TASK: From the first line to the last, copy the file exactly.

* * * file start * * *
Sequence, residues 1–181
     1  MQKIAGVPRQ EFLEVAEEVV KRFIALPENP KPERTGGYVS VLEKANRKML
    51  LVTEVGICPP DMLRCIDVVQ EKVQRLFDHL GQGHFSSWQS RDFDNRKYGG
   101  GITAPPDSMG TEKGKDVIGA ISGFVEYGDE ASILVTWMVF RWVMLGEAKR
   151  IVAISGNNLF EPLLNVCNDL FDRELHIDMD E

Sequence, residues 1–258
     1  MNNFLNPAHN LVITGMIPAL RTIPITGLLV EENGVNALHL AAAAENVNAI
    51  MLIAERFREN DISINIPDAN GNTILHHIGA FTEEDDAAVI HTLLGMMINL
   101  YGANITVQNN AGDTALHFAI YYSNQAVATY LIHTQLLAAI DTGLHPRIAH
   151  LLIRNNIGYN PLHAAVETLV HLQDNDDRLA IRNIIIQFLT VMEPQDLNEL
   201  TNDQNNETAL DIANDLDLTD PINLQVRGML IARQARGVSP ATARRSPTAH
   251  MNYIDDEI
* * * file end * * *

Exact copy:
Sequence, residues 1–181
     1  MQKIAGVPRQ EFLEVAEEVV KRFIALPENP KPERTGGYVS VLEKANRKML
    51  LVTEVGICPP DMLRCIDVVQ EKVQRLFDHL GQGHFSSWQS RDFDNRKYGG
   101  GITAPPDSMG TEKGKDVIGA ISGFVEYGDE ASILVTWMVF RWVMLGEAKR
   151  IVAISGNNLF EPLLNVCNDL FDRELHIDMD E

Sequence, residues 1–258
     1  MNNFLNPAHN LVITGMIPAL RTIPITGLLV EENGVNALHL AAAAENVNAI
    51  MLIAERFREN DISINIPDAN GNTILHHIGA FTEEDDAAVI HTLLGMMINL
   101  YGANITVQNN AGDTALHFAI YYSNQAVATY LIHTQLLAAI DTGLHPRIAH
   151  LLIRNNIGYN PLHAAVETLV HLQDNDDRLA IRNIIIQFLT VMEPQDLNEL
   201  TNDQNNETAL DIANDLDLTD PINLQVRGML IARQARGVSP ATARRSPTAH
   251  MNYIDDEI